Cardiovascular manifestations in lupus disease have an important role in the morbidity/mortality of patients with SLE. Heart affection in SLE has an immunological basis, but other concomitant underlying conditions may also be present.33 Valvular heart disease is clearly associated with aCL,34 and it has been shown to be a basis for coronary disease35 independently from antiphospholipid syndrome. Besides, cardiovascular disease in SLE may occur despite immunosuppressive treatment. It is likely that abnormalities of heart rhythm are secondary to valvulopathy and not necessarily a consequence of damage to the conduction system. Many patients with severe valvular dysfunction will need valve replacements to improve their functional status. The higher morbidity and mortality due to cardiac surgery in patients with SLE in comparison with the general population36 may account for the impact of cardiac manifestations at onset on survival. In our cohort, 67% of patients with rhythm disturbances and 37% of patients with valvular disease died. The univariate statistical analysis showed that the value of cardiac manifestations at onset and especially the presence of valvulopathy were markers of lower survival. When the multivariate analysis was performed, valvular disease was shown to be an independent predictor of low survival.

Interestingly, no immunological variables, except LA, at onset of SLE were associated with survival. Previous studies have evaluated laboratory and immunological tests (such as serum complement levels, anti-dsDNA, antinuclear, and anti-extractable nuclear antigen antibodies, as well as antiphospholipid antibodies), but no relationship with the outcome has been found.5 The LA affects not only vascular events throughout the body but also valvular disease. In this study 9/42 patients positive for LA died, and the cause of death in all cases was a vascular event affecting the central nervous system.

Thrombocytopenia has been recognised as a predictor for mortality.19,30 In our cohort, 19% of patients had thrombocytopenia at onset. Just 8% of patients without thrombocytopenia died, but this was not statistically significant.

In summary, renal, cardiac, or neurological disease as well as positive LA and aCL at the onset of disease were significant risk factors for major flares related to these specific organs. Survival in this cohort is associated with the age at diagnosis, sex, the presence of cardiac, valvular, or renal disease at the onset of SLE, and with positivity for LA. The age at diagnosis and the presence of valvulopathy at onset were independent low survival predictors.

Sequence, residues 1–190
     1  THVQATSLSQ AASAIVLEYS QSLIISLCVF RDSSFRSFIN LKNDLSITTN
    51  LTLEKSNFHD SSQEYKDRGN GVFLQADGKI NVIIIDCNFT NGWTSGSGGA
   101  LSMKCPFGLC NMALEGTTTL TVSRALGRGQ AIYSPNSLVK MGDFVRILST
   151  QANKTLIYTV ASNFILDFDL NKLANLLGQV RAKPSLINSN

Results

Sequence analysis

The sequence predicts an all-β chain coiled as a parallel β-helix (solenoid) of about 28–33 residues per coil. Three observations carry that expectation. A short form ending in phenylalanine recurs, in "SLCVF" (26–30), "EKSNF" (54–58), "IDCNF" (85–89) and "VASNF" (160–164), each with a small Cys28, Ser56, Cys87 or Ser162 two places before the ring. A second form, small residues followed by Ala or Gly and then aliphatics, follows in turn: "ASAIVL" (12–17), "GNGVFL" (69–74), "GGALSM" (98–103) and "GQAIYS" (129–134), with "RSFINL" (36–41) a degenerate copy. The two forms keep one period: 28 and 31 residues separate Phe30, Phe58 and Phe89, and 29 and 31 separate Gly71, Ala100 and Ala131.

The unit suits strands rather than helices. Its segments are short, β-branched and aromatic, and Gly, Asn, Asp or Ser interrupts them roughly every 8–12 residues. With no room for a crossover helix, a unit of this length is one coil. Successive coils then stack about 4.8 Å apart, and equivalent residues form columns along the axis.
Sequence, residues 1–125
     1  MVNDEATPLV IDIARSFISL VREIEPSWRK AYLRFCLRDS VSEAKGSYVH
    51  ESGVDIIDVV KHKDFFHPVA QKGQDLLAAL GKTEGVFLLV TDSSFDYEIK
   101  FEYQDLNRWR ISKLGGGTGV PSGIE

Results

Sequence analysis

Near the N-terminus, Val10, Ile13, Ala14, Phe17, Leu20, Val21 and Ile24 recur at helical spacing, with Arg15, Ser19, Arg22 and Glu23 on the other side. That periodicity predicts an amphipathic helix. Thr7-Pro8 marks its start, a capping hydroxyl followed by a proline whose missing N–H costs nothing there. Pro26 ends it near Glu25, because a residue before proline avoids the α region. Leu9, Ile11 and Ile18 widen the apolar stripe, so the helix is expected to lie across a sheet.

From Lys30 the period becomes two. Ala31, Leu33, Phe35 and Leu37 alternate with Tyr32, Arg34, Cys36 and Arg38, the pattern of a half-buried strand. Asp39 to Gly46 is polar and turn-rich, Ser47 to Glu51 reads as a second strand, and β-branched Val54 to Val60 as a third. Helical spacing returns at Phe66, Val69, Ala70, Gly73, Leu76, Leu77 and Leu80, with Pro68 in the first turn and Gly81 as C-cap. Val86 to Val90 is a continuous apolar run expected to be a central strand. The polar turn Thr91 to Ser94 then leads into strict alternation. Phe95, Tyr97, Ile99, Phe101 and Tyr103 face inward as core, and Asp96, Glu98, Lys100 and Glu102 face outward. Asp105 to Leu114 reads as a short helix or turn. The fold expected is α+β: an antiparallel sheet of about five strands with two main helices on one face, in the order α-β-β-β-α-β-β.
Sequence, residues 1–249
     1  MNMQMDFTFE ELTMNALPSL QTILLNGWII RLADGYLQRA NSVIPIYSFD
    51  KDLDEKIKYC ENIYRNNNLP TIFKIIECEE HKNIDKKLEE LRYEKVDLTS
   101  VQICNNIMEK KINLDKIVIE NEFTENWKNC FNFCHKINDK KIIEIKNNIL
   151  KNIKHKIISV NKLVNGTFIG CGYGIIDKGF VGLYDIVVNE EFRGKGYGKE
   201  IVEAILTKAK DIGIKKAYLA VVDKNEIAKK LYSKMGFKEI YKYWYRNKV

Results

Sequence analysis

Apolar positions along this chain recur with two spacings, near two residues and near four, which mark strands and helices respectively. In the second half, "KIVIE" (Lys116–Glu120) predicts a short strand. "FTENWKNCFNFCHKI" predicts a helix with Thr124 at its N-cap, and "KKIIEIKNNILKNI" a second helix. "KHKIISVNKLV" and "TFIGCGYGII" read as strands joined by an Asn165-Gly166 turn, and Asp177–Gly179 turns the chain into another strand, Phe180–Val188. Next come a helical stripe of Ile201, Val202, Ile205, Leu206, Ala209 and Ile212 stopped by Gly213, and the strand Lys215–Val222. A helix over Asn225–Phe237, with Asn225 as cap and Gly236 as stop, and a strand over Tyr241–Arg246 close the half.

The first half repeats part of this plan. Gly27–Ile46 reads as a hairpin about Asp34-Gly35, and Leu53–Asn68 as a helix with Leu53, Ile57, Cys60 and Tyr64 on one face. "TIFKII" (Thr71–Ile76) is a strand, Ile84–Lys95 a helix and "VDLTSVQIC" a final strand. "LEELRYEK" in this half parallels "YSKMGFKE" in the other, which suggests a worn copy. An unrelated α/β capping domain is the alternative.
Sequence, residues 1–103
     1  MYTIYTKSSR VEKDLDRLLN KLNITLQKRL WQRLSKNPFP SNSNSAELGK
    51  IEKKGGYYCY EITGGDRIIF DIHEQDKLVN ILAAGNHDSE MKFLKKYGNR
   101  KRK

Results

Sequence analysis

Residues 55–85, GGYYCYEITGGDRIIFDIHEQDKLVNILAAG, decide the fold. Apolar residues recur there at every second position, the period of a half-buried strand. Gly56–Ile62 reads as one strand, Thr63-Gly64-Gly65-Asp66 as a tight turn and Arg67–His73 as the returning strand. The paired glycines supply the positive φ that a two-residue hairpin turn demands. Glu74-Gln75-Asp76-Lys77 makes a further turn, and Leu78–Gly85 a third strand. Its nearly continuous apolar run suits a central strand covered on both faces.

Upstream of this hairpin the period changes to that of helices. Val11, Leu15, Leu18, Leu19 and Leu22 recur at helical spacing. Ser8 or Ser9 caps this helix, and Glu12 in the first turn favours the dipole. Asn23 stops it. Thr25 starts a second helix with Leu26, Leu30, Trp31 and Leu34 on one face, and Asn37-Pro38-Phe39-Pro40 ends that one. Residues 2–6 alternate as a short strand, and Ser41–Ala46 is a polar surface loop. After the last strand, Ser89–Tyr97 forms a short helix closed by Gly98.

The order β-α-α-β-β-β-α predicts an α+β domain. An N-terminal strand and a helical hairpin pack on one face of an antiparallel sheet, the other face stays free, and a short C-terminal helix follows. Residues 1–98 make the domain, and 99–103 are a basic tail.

Age, sex, onset date, diagnosis date, age at diagnosis, onset time, evolution time; onset manifestations: general symptoms, asthenia, anorexia, fever, weight loss, thrills, lymphadenopathies, Raynaud’s phenomenon, dyspnoea, skin lesions, photosensitivity, discoid lupus, subacute lupus, acute lupus, alopecia, oral aphthosis, vasculitic lesions, other unspecific skin lesions, musculoskeletal affection, arthritis, arthralgias, myalgias, myositis, bone destruction, avascular necrosis, tendinous break, muscle break, fracture, soft tissue calcifications, non-deforming arthritis, deforming arthritis, spinal crush, osteomyelitis, pulmonary affection, pleuritis, pleural effusion, pneumonitis, pulmonary thromboembolism, pulmonary hypertension, pulmonary fibrosis, pulmonary haemorrhage, diaphragmatic palsy, pulmonary distress, cardiac affection, pericarditis, myocarditis, myocardiopathy, valvulopathy, ischaemic myocardiopathy, rhythm disturbance, thrombosis, renal manifestation, minimum change nephritis, mesangial nephritis, focal proliferative nephritis, diffuse proliferative nephritis, membranous nephritis, interstitial nephropathy, thrombotic microangiopathy, vasculitis, renal sclerosis, nephrotic syndrome, arterial hypertension, acute renal insufficiency, chronic renal insufficiency, haematuria, leucocyturia, hyaline casts, granulomatous casts, proteinuria, digestive manifestations, primary biliary cirrhosis, sclerosis cholangitis, nodular hepatic hyperplasia, lupoid hepatitis, pancreatitis, neurological affection, multineuritis, multiple mononeuritis, polyneuritis, migraine, stroke, myelitis, chorea, aseptic meningitis, convulsions, Guillain-Barré syndrome, dementia, meningoencephalitis, depression, psychosis, cognitive impairment, gynaecological manifestations, abortion, fetal loss, early menopause, ophthalmological affection, autoimmune haemolytic anaemia, autoimmune thrombocytopenia, leucopenia, laboratory manifestations, ANA, anti-dsDNA antibodies, AMA, anti-Ro/SSA, anti-La/SSB, anti-RNP, anti-TGB, anti-peroxidase, lengthened activated partial thromboplastin time, rise in ESRD, rheumatoid factor, LA, AClies, false positivity for Venereal Disease Research Laboratory test, hypocomplementaemia, steroid treatment, cytostatic treatment; flares: number of flares, number of major flares, number of mixed flares, number of flares in the first five years, actuarial SLEDAI, mean SLEDAI, number of diagnosis criteria, pulmonary flare, pulmonary thromboembolism, lupus pneumonitis, pulmonary hypertension, pulmonary haemorrhage, cardiac flare, Libman-Sacks endocarditis, myocarditis, coronary vasculitis, arrhythmia, cardiac tamponade, digestive flare, pancreatitis, mesenteric vasculitis, neuropsychiatric flare, meningoencephalitis, encephalopathy, epilepsy, polyneuropathy, stroke, myelitis, chorea-ataxia, Guillain-Barré syndrome, myopathy, haematological flare, aplastic anaemia, autoimmune haemolytic anaemia, autoimmune thrombocytopenia, thrombotic thrombocytopenic purpura, renal flare, type II nephritis, type III nephritis, type IV nephritis, type V nephritis, nephrotic syndrome, death, cause of death.


We thank Lluïs Armadans, MD, for his contribution to the statistical analysis.



  • Supported by FIS grant number 00/0882.